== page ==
A Gaze of Cruelty, Deferred: Actualizing the Female Gaze in Cate Shortland’s Berlin Syndrome (2017)

Natasha Chuk
School of Visual Arts
New York, NY, USA
nchuk@sva.edu

Abstract

Australian director Cate Shortland’s dramatic thriller Berlin Syndrome (2017) follows the conventions of the genre involving a psychologically unstable male perpetrator and his female victim, thus could hinge on patriarchal control. Instead, based on a close reading of feminist film scholar Laura Mulvey’s theoretical definition of the former, Shortland’s cinematic apparatus can be read as an inverse of the male gaze, a type of systematic ‘female gaze’. This observation both warrants clarification of the term and concept behind the female gaze and suggests a pressing need to re-evaluate the language of cinema and its habitually damaging depictions of women. In doing so, it may encourage a counter cinema in which such cinematic language is more readily accessible and asserted from a non-male perspective. This essay addresses the question of the female gaze, a term that refers, in fuzzy terms, to the subversion of the male gaze in cinema and elsewhere. To do this, key points in Laura Mulvey’s argument are unpacked in reference to other examples of male-on-female on-screen violence — a kind of accepted and frequently employed gaze of cruelty extending Antonin Artaud’s celebration of the theater of cruelty. All of this is in support of the argument and demonstration of how Shortland upends key cinematic and genre conventions throughout Berlin Syndrome to effectively enact what the female gaze purportedly entails.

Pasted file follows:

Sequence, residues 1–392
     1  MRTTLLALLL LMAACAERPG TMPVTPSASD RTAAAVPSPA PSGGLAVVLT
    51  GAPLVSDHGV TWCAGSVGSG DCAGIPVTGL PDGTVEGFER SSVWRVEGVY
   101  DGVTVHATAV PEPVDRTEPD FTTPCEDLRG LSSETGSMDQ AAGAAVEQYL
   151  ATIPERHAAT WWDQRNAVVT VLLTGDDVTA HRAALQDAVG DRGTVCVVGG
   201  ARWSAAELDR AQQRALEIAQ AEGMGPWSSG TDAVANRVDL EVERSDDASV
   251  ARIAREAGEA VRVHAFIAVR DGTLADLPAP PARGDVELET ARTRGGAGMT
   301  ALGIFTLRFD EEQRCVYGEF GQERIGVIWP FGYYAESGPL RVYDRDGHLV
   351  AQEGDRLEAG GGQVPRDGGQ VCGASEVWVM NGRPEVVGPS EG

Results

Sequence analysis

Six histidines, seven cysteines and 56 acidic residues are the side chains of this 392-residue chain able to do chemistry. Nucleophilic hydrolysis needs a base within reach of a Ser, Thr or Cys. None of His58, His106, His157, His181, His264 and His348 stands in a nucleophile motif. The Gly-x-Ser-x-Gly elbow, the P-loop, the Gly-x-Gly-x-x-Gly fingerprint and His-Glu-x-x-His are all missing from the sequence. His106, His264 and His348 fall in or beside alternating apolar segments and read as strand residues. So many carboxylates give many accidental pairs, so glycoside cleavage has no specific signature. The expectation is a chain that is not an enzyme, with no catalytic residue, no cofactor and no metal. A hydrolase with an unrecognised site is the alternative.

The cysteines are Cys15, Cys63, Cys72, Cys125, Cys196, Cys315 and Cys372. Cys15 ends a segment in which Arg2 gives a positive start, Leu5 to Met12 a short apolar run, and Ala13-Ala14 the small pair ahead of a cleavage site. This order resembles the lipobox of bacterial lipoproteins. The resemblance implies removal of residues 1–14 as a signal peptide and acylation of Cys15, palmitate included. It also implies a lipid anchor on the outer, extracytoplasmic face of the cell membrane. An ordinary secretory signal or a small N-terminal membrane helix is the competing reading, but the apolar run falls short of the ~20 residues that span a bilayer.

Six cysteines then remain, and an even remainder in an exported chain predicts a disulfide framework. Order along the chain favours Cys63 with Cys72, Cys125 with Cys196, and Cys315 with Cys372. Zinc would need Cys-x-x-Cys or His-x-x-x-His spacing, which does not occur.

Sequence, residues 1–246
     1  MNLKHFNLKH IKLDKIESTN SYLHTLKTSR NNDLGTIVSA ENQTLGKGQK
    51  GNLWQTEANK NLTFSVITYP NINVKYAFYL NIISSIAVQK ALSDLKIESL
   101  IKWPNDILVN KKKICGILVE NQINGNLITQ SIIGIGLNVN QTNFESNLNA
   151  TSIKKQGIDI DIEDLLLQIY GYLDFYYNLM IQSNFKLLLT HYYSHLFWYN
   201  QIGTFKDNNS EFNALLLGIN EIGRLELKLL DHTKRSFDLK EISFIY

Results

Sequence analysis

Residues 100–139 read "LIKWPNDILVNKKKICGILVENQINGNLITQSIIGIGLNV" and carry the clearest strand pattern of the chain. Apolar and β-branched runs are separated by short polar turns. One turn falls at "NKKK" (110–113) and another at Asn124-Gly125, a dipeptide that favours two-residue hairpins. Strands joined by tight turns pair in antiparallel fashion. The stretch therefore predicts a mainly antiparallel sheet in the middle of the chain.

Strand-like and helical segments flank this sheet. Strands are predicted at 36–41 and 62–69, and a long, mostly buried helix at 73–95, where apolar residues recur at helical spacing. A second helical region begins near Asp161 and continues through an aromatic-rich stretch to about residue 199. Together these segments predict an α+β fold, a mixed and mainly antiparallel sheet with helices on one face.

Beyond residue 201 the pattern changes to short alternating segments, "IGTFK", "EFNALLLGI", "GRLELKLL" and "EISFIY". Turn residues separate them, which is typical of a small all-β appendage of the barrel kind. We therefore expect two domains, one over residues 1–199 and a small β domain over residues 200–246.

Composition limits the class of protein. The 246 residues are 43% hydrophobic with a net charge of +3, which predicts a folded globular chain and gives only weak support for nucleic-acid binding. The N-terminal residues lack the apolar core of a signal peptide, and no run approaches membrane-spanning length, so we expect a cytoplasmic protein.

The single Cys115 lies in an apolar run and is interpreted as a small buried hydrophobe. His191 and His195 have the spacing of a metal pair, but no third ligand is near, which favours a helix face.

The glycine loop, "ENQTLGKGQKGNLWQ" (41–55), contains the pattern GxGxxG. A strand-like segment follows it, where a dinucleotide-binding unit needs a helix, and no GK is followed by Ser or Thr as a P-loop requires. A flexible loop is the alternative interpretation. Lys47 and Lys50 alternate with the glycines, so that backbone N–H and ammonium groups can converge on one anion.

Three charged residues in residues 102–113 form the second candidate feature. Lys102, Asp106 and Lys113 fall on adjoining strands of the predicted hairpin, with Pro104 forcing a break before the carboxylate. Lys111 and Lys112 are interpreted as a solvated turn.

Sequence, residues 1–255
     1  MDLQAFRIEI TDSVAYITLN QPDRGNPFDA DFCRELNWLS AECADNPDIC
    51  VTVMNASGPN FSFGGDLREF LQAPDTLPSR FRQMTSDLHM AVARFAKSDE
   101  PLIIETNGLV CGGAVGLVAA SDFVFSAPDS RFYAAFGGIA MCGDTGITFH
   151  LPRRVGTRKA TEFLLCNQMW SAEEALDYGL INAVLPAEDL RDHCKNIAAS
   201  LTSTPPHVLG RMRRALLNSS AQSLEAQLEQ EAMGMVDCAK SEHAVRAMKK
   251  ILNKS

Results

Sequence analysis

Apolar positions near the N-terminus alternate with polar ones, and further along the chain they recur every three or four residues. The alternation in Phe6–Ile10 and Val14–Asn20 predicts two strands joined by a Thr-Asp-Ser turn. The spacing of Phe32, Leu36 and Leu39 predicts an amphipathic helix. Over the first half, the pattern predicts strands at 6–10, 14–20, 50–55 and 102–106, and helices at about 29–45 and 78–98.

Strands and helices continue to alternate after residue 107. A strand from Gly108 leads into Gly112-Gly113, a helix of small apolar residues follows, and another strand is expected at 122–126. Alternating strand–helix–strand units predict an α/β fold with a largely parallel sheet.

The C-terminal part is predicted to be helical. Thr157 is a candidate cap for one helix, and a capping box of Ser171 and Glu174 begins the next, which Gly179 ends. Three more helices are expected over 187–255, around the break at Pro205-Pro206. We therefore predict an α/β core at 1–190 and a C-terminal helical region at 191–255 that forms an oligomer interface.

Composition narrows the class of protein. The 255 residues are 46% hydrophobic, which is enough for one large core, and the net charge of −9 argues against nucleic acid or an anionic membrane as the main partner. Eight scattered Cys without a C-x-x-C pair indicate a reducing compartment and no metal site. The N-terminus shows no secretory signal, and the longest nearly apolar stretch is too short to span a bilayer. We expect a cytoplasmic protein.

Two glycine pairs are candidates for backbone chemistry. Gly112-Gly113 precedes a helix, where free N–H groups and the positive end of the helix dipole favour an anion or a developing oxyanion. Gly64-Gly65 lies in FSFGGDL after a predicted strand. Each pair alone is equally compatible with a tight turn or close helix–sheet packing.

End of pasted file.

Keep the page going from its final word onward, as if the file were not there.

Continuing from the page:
Keywords: Laura Mulvey, male gaze, female gaze, film studies, theater of cruelty 

Author Bio

Natasha Chuk researches and writes about the affordances and limitations of creative technologies as language systems at the intersection of formality, expression, and perception. She wrote the book Vanishing Points: Articulations of Death, Fragmentation, and the Unexperienced Experience of Created Objects (Intellect, 2015), which examines the relationship between presence, absence, and perceptual experience across a variety of artworks, including film, photography, and video games. She teaches courses in film studies, digital culture, and media theory at the School of Visual Arts in New York City. 

Suggested Reference Citation

APA
Chuk, N. (2020). A gaze of cruelty, deferred: Actualizing the female gaze in Cate Shortland’s Berlin Syndrome (2017). Dialogue: The Interdisciplinary Journal of Popular Culture and Pedagogy, 7(1). http://journaldialogue.org/issues/v7-issue-1/a-gaze-of-cruelty-deferred-actualizing-the-female-gaze-in-cate-shortlands-berlin-syndrome-2017/. 

MLA
Chuk, Natasha. “A Gaze of Cruelty, Deferred: Actualizing the Female Gaze in Cate Shortland’s Berlin Syndrome (2017)”. Dialogue: The Interdisciplinary Journal of Popular Culture and Pedagogy, vol. 7, no. 1, 2020, http://journaldialogue.org/issues/v7-issue-1/a-gaze-of-cruelty-deferred-actualizing-the-female-gaze-in-cate-shortlands-berlin-syndrome-2017/.

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